Vol. 12, No. 3,009 - The American Reporter - October 19, 2006

by Norman Solomon
American Reporter Correspondent
Washington, D.C.

Printable version of this story

WASHINGTON -- After a police officer shot Carlo Giuliani in the head, Ti= me magazine published a requiem of sorts -- explaining that the 23-year-old=

Italian protester pretty much got what he deserved. "One man died in Gen= oa; a man, we must presume, who was swayed by the false promise that violen= ce -- not peaceful protest, not participation in the democratic process -- = is the best way to advance a political cause," Time's article concluded. "I= t is not too much to hope that the next time his friends stoop to pick up a= cobblestone, they will remember a lesson learned when plows first broke th= e Mesopotamian earth: You reap what you sow."

The sanctimonious tone, etched with gratification, was not unique to the= largest newsmagazine in the United States. Quite a few commentators seemed= to accept -- or even applaud -- the killing of Giuliani as rough justice.

"Excuse me if I don't mourn for the young man who was shot dead by poli= ce during the economic summit," wrote Houston Chronicle columnist Cr= agg Hines. "It was tragic, but he was asking for it, and he got it."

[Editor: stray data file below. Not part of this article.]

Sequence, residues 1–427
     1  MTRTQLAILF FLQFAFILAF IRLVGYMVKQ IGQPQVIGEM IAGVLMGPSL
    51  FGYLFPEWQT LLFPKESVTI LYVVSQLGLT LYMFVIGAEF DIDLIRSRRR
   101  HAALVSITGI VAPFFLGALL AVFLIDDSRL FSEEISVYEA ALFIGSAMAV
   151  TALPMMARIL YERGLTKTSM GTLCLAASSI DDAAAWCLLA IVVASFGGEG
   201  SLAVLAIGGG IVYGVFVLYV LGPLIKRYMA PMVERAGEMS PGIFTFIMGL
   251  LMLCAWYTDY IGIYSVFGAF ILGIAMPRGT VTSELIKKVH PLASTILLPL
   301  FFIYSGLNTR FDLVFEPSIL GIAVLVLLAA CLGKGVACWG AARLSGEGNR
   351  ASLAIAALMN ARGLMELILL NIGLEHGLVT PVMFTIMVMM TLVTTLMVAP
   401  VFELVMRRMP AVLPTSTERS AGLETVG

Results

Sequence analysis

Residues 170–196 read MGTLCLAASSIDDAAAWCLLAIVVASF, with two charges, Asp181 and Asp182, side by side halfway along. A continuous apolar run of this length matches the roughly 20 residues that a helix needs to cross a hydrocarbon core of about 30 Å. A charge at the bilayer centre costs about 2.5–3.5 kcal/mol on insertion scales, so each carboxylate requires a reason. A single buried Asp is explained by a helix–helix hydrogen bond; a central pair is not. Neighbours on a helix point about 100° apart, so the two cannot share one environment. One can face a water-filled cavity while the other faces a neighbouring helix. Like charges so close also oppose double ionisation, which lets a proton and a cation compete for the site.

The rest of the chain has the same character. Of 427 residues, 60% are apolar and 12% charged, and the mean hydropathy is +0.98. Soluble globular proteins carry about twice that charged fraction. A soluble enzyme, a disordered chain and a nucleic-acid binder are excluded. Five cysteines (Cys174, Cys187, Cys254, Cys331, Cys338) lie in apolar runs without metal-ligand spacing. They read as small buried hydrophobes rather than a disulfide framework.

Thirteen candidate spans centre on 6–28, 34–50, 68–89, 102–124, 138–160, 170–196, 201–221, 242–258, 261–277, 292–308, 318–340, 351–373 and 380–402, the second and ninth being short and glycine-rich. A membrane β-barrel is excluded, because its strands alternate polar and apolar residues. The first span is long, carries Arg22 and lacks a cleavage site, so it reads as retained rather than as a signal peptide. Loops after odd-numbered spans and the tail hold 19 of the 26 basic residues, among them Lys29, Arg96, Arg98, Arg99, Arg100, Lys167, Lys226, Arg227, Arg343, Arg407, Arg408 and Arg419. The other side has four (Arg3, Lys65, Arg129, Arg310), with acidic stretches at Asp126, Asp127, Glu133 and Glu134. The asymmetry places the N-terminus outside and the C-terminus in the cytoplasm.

In G= enoa, assaults by Italian police were systematic and widespread, causing hu= ndreds of serious injuries. But American news accounts tended to be cryptic= .

"Italian police raided a school building housing activists and arrested= all 92 people inside," the Wall Street Journal reported on July 23.= "Afterward, the building was covered with pools of blood and littered with= smashed computers. Several reporters at the school were hurt; one had his = arm broken. Police said 61 of the detainees had been wounded in riots that = preceded the raid, but neighbors described hours of beatings and screaming = coming from the school during the raid."

On July 25, when I called the Committee to Protect Journalists, the Manh= attan-based group had not yet issued a statement. But program director Rich= ard M. Murphy told me: "CPJ is extremely concerned by reports that working = journalists were attacked by both police and protesters while covering stre= et demonstrations at the Genoa summit." The comment was evenhanded to a fau= lt. The vast majority of the reported attacks on journalists were by police= .

Unlike colleagues assaulted while displaying press credentials, reporter= John Elliott was on an undercover assignment among protesters. Watching a = water cannon move through tear gas, "I felt a massive blow to the back of m= y head," he wrote in the Sunday Times of London. "For a second my vi= sion whited out. I had been hit by a police truncheon."